The objective of this study is to measure the stringency of strategic arms trade controls across countries and explain the variation herein. This regulatory framework is implemented by sovereign states to control the international transfer of military-strategic items that potentially contain a security risk. For the purpose of this study, I apply a two-stage approach. In the first step, I employ factor analysis on more than sixty regulatory indicators related to the rigorousness of and compliance to strategic arms trade controls in a particular country to construct two new measures. The first measure is related to the extent of implementing arms trade laws and legislation, while the second captures the enforcement and control of this kind of regulation. The individual country scores indicate that there exists substantial variation in the extent to which countries implement and enforce strategic trade regulations. Therefore, in the second step, I use the predicted factor scores as a dependent variable in a Bayesian Model Averaging analysis to test several economic and political theories and find the key drivers of the stringency of strategic arms trade regulations and control policies. The general findings of this analysis suggest that the implementation and enforcement of strategic arms trade controls are primarily determined by the trade-off between two competing policy objectives: national security on the one hand and domestic economic interests on the other. In particular, the implementation effort of arms trade laws and legislation is mainly explained by economic factors, while the degree of enforcement and control is more associated with political factors.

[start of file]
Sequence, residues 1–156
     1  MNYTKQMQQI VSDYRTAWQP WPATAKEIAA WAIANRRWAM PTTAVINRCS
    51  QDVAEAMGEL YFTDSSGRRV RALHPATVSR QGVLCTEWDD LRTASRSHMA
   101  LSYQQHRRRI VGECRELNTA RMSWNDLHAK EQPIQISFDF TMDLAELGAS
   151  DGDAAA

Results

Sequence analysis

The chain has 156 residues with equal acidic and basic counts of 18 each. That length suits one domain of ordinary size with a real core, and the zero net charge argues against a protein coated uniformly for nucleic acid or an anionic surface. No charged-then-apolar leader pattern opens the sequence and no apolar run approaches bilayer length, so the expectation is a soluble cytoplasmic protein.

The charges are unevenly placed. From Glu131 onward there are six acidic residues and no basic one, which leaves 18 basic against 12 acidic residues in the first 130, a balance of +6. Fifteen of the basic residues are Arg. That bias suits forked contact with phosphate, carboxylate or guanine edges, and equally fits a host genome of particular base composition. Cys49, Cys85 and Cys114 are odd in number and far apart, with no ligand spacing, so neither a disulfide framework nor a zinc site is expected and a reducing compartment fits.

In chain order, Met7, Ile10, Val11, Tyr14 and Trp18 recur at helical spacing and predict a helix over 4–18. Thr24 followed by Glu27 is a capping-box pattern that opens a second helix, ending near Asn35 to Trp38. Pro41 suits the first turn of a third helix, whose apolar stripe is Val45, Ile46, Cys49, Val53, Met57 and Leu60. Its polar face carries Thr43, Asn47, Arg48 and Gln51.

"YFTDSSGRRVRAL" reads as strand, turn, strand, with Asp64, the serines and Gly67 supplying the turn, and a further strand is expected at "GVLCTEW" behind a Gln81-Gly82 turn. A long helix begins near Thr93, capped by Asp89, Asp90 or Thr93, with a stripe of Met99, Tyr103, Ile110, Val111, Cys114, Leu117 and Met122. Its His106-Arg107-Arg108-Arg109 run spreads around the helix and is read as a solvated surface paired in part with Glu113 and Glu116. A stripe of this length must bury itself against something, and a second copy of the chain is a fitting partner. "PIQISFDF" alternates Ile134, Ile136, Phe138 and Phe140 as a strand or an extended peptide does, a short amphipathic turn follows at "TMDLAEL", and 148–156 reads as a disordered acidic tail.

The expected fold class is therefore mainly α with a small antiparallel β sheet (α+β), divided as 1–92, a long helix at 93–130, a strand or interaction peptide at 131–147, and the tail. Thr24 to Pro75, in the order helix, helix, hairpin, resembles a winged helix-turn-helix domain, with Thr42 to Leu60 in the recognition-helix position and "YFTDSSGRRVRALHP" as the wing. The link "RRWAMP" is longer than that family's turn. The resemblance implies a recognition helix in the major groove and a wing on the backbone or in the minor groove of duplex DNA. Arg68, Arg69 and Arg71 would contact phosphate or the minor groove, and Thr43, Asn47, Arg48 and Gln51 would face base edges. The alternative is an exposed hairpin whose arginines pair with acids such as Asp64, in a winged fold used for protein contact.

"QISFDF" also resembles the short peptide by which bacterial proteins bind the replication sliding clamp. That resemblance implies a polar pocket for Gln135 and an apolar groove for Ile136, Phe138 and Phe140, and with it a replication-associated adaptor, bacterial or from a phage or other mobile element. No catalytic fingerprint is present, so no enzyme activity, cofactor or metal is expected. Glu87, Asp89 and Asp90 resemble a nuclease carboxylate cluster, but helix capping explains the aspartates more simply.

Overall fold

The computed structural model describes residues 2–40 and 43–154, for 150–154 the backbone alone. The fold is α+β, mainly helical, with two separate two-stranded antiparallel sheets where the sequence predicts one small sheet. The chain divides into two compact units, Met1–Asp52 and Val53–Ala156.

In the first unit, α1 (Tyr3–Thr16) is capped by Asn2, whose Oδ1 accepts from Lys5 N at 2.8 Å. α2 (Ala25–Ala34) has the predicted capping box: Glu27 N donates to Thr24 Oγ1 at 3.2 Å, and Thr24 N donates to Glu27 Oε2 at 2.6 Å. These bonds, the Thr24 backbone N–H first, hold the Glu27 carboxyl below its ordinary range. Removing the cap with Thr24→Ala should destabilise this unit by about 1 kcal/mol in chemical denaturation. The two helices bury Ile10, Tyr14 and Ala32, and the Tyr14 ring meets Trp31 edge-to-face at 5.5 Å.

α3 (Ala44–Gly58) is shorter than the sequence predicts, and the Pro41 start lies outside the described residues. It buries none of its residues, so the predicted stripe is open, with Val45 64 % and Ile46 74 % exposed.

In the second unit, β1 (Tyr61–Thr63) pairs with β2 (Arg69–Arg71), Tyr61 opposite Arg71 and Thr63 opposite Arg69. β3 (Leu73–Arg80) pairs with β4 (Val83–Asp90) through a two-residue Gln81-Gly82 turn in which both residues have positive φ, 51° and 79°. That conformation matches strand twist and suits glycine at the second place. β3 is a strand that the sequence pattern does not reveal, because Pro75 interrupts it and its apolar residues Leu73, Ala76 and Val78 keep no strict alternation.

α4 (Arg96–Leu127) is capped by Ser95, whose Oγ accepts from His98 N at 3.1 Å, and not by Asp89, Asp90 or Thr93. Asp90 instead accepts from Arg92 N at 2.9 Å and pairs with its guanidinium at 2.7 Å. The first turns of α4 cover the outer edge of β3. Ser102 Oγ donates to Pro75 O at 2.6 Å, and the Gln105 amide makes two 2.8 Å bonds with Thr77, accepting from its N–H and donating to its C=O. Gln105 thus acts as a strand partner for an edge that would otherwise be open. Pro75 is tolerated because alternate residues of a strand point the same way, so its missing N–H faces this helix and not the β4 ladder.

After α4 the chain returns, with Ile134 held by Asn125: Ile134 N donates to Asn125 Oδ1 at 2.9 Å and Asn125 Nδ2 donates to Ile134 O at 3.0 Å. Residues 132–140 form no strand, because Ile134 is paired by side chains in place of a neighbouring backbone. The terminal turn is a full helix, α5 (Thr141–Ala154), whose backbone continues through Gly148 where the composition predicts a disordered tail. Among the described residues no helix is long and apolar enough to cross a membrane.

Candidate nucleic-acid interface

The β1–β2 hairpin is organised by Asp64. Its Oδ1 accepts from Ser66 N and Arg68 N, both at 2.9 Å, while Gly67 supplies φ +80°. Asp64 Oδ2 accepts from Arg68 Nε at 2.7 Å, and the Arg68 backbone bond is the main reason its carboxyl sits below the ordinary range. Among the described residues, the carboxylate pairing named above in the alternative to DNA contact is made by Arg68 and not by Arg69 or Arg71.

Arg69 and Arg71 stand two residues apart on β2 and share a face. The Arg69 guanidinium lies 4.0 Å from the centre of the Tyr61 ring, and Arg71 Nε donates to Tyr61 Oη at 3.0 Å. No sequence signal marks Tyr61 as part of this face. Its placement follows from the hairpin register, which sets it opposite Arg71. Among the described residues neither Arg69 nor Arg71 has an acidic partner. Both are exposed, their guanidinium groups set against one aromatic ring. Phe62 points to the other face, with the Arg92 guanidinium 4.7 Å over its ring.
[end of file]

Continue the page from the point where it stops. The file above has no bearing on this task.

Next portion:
|Early online date||15 Jul 2022|
|Publication status||Published - Nov 2022|